As the debate over the US Farm Bill (2018) intensifies, the American organic sector is making it clear to policy-makers that its voice must be heard.
More than 500 organic stakeholders across 45 states weighed in on issues they see as critical to the organic sector as part of a comprehensive farm bill survey conducted by the Organic Trade Association (OTA).
Organic fruit and vegetable growers, grains and oilseed farmers, livestock and poultry producers, dairy farmers, vineyard owners and flower growers, along with organic processors, food makers, distributors and other organic operations answered questions concerning barriers they face in their organic operations – from regulatory, research, and marketing, to production and investment barriers. Survey respondents also evaluated the effectiveness of existing programmes geared towards the organic sector. In preparation for developing its advocacy work on the next farm bill, OTA partnered with members of OTA’s Farmers Advisory Council and other organic organizations –17 of them – to poll stakeholders directly on issues.
“The 50-billion-dollar-a year organic industry has earned a seat at the farm bill table as one of the bright spots in the farm economy”
The 50-billion-dollar-a year organic industry has earned a seat at the farm bill table as one of the bright spots in the farm economy. Organic farmers, ranchers, handlers, and food and textile makers add measurable value to rural economies, creating jobs and raising incomes—and they do this by responding to consumers’ interest in how their food is grown and made,” said Laura Batcha, CEO and executive director of the Organic Trade Association. “We want to build on the success of past farm bills and focus on expanding the production base, supporting successful organic farmers and ensuring healthy markets.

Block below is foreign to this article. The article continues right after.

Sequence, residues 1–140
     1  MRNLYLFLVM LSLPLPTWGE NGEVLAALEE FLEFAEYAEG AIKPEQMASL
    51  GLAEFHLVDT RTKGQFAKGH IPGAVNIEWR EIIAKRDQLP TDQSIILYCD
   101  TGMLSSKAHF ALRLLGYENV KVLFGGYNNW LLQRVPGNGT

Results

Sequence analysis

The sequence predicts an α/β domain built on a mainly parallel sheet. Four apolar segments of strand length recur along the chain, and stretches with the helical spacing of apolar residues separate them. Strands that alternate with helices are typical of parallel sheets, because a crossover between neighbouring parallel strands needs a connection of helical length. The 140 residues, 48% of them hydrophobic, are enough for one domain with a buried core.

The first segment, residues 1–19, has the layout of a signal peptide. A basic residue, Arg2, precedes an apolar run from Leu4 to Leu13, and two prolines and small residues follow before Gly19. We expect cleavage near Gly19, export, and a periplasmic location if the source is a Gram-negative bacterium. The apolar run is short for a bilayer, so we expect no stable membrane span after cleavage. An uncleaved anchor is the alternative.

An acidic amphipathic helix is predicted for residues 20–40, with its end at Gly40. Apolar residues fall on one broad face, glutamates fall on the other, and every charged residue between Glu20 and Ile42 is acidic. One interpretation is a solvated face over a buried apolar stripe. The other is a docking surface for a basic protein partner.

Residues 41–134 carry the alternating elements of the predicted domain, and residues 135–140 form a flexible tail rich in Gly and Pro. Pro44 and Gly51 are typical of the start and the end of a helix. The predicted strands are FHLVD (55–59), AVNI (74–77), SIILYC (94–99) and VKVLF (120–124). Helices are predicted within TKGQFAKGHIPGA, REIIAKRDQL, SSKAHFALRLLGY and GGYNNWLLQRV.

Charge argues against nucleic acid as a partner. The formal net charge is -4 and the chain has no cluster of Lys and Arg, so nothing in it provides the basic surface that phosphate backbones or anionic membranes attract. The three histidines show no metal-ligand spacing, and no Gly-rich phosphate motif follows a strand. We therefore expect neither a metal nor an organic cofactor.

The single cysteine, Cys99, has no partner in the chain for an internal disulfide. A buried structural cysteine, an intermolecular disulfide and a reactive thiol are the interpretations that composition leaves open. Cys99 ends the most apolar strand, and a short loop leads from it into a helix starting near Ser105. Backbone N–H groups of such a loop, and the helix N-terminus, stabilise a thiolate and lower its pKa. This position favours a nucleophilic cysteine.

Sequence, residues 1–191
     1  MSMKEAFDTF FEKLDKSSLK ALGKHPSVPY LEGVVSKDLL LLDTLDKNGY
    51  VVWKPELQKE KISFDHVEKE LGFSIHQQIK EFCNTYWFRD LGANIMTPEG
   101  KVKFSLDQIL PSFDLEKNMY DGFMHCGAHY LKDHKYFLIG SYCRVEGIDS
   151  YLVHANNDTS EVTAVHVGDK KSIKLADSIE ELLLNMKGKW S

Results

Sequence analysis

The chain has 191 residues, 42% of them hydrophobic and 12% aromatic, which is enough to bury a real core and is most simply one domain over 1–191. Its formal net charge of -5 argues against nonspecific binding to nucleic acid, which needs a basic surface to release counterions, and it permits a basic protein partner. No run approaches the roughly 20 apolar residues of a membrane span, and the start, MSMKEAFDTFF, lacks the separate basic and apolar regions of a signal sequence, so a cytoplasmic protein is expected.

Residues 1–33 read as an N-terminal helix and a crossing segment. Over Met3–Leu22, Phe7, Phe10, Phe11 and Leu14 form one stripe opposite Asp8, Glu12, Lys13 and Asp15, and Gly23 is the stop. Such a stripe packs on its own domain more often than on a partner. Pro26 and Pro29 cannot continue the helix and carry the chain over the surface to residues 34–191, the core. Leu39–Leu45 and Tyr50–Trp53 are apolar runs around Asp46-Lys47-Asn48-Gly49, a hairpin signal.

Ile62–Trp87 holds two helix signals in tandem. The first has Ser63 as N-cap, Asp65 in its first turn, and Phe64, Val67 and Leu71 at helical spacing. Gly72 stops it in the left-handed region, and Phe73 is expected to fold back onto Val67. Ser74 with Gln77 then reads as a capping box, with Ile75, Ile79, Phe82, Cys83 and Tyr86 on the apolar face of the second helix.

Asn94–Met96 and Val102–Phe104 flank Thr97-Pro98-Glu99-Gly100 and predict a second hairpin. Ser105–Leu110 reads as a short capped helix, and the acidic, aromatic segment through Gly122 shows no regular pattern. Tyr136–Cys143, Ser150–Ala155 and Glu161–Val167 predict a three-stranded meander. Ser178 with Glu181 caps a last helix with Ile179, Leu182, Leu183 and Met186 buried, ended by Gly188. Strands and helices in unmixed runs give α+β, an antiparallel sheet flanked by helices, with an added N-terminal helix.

Every five years, Congress reauthorizes the Farm Bill, a comprehensive piece of legislation that influences every part of the food and agriculture system. The current farm bill was signed into law in 2014 and will expire on Sept. 30, 2018.
Survey participants cited lack of university or professional programmes focusing on organic processing and technology, and lack of consumer awareness of organic’s benefits and value as critical challenges – or barriers – for both organic producers and handlers. Specific producer concerns were the cost of buying land, and the cost and availability of labour. Organic processors and food makers said a pressing issue is the lack of dependable supply of domestic organic raw materials.